1. Recommendation: 1. Enhancing overall impact: UNDP needs to take four major steps in order to enhance its contribution to Malaysia's development.  UNDP must articulate a clear role for itself in a middle-income country like Malaysia.  UNDP must make the most of the organization's broad development mandate, impartiality, moral authority and ability to work with all national actors to position Malaysia as a lead player in the promotion of South South cooperation.  UNDP must engineer a shift of emphasis in programming from many small scattered projects to strategic upstream activities focusing on knowledge, improving policy analysis and policy advocacy.  UNDP must exploit the potential for developing partnerships in Malaysia with non-governmental organizations, research and academic institutions and civil society movements. 2. Repositioning: UNDP should begin to reposition itself in Malaysia in order to enhance the effectiveness of its contribution. The following are some of the measures to consider: o Develop a strategic response to multiple stakeholder demands. Bring focus and selectivity in existing areas of interventions. Analyze comprehensively, but act selectively. Identify new high-impact areas that match competencies. Continue with informed policy advocacy especially around governance and human rights, gender, health, poverty, inequality and sustainable development. Back up policy advocacy with evidence and rigorous analysis of policy alternatives. Support formulation and implementation of the 10th Malaysia Plan by assisting Malaysia with evidence based planning and capacity building in key sectors. Adopting such an approach has several implications for project selection.  Projects should not become ends in themselves. They ought to become instruments (policy experiments) for building evidence and fostering policy dialogue.  Projects should have a well-articulated and well-established link to national policy.  New criteria and processes for selection of projects must be introduced in order to ensure greater coherence and overall impact. o Generate significant value addition. This will call for building on strengths and competencies of UNDP staff, identifying a niche, acquiring and projecting competencies, strengthening brand recognition, bringing international expertise to bear, and leveraging on the one-UN banner. It must be noted that building the competencies of UNDP staff will require the investment of resources to enhance the skills sets of the programme staff in key thematic areas. o Institutionalize regular monitoring and periodic evaluations. This will call for setting up monitoring mechanisms for every project, making evaluation integral to the projects, and setting up joint systems for performance monitoring of projects. o Improve skill mix and intensity. This will require drawing more on international experience and expertise, developing a strong cadre of national consultants to work on design, monitoring and evaluation; and enhancing the capacity of UNDP staff so that they are better equipped to engage in policy dialogue, quality monitoring and technical backstopping. o Improve visibility and the brand image of UNDP. This will require enhancing people's knowledge of the specific substantive contributions and the various services UNDP can provide. It will also call for engaging more pro-actively with media to foster an awareness of UNDP and an understanding of its capabilities; and also to foster partnerships with civil society and the private sector.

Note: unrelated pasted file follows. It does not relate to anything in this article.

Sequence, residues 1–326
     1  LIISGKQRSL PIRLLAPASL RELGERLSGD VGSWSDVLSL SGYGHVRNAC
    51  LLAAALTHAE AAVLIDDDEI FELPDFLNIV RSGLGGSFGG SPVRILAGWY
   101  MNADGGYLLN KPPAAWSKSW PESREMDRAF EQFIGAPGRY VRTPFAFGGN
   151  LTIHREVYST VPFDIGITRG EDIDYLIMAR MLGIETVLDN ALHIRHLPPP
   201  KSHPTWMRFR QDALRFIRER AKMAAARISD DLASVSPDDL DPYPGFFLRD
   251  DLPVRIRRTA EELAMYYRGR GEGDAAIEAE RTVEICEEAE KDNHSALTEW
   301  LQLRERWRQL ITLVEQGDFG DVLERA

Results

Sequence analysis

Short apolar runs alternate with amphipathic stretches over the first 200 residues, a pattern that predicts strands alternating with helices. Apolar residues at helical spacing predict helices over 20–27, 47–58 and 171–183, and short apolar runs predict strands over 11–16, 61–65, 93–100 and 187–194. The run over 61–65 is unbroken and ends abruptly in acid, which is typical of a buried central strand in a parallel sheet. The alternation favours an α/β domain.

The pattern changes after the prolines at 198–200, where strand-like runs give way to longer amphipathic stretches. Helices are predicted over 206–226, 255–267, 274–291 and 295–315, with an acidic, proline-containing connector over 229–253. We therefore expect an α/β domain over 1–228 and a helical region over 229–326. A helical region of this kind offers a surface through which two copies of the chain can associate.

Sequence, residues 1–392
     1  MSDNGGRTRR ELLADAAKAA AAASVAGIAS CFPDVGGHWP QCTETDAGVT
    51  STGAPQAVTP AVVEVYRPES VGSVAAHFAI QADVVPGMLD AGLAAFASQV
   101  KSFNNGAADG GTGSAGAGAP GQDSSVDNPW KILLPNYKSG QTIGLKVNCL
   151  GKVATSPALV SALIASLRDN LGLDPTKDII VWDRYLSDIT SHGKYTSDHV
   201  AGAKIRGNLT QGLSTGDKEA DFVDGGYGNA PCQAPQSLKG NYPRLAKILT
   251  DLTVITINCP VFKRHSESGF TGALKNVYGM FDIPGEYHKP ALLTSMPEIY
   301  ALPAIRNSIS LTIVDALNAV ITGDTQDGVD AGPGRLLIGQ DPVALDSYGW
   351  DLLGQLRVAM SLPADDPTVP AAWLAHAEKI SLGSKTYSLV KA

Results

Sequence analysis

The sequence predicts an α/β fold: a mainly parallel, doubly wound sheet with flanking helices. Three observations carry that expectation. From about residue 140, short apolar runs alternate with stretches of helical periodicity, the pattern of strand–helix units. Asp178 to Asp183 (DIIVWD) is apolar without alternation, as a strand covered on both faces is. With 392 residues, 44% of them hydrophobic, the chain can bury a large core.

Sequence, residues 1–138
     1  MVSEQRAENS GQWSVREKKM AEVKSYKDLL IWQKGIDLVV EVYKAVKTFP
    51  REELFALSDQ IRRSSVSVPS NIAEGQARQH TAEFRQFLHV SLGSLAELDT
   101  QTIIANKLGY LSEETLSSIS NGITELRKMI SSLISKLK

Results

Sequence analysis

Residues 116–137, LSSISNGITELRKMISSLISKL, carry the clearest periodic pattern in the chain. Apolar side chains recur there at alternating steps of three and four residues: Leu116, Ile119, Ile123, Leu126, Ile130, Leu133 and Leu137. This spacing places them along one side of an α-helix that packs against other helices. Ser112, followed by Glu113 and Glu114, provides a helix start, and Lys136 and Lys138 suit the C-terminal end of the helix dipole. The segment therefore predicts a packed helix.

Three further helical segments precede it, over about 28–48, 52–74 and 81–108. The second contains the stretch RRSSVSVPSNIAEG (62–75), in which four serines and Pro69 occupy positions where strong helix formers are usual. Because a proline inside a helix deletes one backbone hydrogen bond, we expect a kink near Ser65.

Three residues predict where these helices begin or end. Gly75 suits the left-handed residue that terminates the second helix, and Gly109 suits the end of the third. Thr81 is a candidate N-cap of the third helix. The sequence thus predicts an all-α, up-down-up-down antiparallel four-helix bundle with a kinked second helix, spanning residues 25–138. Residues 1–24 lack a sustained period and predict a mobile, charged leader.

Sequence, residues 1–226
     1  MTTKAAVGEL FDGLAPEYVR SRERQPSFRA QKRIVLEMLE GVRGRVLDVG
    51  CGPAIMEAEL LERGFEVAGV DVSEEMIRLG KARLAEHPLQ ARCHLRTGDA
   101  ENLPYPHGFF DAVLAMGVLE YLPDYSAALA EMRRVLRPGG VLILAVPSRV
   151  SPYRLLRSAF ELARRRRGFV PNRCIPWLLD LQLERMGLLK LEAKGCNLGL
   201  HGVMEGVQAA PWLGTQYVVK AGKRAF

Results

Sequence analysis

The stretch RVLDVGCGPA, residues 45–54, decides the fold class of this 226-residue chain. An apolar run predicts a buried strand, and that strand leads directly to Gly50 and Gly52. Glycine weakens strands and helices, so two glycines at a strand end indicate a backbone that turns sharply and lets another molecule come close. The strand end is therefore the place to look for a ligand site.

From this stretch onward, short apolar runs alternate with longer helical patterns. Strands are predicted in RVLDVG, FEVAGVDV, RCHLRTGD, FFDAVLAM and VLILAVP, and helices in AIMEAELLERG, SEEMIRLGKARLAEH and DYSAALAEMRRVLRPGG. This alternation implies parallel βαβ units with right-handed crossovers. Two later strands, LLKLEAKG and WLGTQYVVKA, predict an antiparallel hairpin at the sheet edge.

Management Response: [Added: 2009/09/30]

Many aspects of a repositioning has already been initiated by the Resident Coordinator and Resident Representative starting in 2009 - and are underway as evident from the UNDP Retreat Report of January 2009. The recommendations have also been discussed and agreed with the Economic Planning Unit of the Prime Minister's Department of Malaysia on 12 August 2009.

Key Actions:

Key Action Responsible DueDate Status Comments Documents
UNDP to discuss with Management Team and Programme Cluster
[Added: 2009/09/30]
Programme 2009/08 Completed Completed and agreed for follow up action by Management Team
To discuss with the Economic Planning Unit and to obtain agreement on follow up action.
[Added: 2009/09/30]
Programme 2009/08 Completed Agreement obtained from Economic Planning Unit on re-positioning of UNDP based on CPO recommendations.